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SC Encyclopedia | Pork has been important to the diet and economy of South Carolina since colonial times. Hogs were probably introduced to South Carolina in the sixteenth century by Spanish explorers. Indians acquired some of these animals, and English settlers purchased swine from the natives when they arrived at Charleston in 1670.

by · 05/20/2016 · Features, S.C. Encyclopedia

HISTORY: Francis Butler Simkins

S.C. Encyclopedia | Historian Francis Butler Simkins was born on December 14, 1897, in Edgefield, the son of Samuel McGowan Simkins and Sarah Raven Lewis. He attended school in Edgefield and in 1918 received his B.A. from the University of South Carolina. He attended Columbia University in New York City and earned his M.A. in 1920 and a Ph.D. in 1926. In 1928 he accepted a position at Longwood College in Farmville, Virginia, and remained there until his retirement in 1966, except for various positions at other institutions as a visiting professor.

HISTORY:  Spanish moss

HISTORY: Spanish moss

S.C. Encyclopedia | Spanish moss (Tillandsia usneoides) is a gray tree-borne epiphyte native to the coastal plain of the southeastern United States. As an epiphyte, Spanish moss gets water and food from the air and does not harm the host tree. It is not a true moss but a relative of the pineapple family in the genus Bromeliaceae. Spanish moss produces small, yellow-green, three-petaled flowers in the spring and early summer. In mid- to late summer seedpods burst and rely on the wind for distribution. Typically they lodge in the bark of rough-barked trees, especially live oaks and cypress. The plants are a tangle of long stems and slender leaves. The individual mosses can extend over twenty feet in length and are host to red bugs and spiders.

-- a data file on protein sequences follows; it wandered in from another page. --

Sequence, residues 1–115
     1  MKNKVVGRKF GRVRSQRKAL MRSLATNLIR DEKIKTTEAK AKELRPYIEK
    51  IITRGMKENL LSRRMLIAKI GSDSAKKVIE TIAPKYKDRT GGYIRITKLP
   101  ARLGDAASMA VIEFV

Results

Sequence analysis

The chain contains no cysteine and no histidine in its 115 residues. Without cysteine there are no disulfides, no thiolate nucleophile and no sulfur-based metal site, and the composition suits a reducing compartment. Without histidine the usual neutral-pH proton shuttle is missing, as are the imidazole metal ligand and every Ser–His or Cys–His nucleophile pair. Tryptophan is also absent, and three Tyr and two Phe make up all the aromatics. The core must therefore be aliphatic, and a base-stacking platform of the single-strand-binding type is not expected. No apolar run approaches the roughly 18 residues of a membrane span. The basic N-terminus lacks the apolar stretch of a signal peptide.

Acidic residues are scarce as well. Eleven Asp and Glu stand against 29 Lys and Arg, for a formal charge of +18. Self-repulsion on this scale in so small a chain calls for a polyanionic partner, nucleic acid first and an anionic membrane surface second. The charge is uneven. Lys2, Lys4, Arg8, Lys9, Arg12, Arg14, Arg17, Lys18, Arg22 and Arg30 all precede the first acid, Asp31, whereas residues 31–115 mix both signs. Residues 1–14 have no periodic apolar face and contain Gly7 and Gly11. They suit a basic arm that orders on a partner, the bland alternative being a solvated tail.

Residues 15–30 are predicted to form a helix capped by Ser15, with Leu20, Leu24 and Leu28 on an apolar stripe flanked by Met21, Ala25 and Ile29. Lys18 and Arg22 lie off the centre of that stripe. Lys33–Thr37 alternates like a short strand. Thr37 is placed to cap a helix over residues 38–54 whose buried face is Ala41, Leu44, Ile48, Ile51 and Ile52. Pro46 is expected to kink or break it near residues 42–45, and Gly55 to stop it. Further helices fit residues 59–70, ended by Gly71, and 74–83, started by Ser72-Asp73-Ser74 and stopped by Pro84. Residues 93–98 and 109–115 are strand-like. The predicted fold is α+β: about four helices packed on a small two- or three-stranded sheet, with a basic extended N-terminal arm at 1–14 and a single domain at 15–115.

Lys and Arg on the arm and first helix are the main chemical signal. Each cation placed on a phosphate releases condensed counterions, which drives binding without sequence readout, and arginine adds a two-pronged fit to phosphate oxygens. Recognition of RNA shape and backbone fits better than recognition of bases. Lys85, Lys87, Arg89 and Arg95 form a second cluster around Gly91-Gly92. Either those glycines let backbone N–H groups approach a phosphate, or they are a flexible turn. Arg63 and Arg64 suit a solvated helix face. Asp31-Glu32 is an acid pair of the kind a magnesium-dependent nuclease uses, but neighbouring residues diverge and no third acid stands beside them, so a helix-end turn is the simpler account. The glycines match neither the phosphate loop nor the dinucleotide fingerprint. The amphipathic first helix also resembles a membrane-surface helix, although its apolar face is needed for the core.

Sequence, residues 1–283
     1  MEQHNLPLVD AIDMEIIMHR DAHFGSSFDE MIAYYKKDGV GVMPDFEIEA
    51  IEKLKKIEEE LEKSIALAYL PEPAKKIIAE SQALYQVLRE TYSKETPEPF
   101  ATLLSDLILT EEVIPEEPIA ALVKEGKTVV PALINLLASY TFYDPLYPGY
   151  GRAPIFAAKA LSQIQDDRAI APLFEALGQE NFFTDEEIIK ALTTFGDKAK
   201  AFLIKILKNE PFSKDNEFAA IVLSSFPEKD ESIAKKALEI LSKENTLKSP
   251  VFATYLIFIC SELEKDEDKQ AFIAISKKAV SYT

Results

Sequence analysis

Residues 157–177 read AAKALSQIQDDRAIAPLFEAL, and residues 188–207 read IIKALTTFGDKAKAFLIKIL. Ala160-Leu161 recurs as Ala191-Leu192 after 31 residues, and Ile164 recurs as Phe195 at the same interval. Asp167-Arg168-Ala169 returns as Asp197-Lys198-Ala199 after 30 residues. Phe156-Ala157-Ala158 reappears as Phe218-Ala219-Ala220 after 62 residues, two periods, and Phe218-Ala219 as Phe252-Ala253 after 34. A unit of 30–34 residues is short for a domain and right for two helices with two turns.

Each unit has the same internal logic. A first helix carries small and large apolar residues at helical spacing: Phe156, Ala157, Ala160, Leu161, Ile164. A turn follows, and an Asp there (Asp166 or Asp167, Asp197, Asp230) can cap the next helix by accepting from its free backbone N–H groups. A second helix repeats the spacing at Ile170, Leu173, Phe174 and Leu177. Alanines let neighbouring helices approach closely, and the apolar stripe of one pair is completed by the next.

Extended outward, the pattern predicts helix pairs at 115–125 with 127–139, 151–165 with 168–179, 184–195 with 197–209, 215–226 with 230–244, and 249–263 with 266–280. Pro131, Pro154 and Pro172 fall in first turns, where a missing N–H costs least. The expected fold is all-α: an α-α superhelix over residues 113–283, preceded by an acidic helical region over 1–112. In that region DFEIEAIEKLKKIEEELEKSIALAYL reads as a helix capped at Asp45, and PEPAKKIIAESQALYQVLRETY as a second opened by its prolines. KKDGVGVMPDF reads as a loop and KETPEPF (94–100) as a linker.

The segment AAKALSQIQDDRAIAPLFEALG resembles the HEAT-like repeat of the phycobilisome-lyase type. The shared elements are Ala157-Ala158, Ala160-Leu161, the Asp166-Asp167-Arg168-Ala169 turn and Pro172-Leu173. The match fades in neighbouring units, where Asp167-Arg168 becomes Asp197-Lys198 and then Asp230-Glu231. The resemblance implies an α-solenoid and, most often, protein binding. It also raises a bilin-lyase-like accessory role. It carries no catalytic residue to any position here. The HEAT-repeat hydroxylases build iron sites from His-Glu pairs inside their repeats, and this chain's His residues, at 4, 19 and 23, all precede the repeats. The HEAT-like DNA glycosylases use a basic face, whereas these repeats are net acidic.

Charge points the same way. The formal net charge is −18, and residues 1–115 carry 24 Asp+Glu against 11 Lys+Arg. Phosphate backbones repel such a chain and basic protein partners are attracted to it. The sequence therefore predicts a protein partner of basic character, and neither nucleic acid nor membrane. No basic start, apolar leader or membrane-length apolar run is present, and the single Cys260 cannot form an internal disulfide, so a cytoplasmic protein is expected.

HISTORY:  Charleston Single House

HISTORY: Charleston Single House

S.C. Encyclopedia | The single house is the building form most closely associated with eighteenth-century Charleston architecture. It first appeared in the early eighteenth century and emerged as a favored residential form after the fire of 1740. The typical single house stands two or more stories in height and is built on a rectangular plan with its narrow end facing the street. Each floor has two rooms with a central stair-hall in between. Piazzas occupy the long wall facing the inside of the lot, and the chimneys are located on the opposite wall, in the rear of the house.

Women’s suffrage in South Carolina

Women’s suffrage in South Carolina

The enfranchisement of women in South Carolina was first discussed publicly during the Reconstruction period. A women’s rights convention held in Columbia in December 1870 received a warm letter of support from Governor R. K. Scott.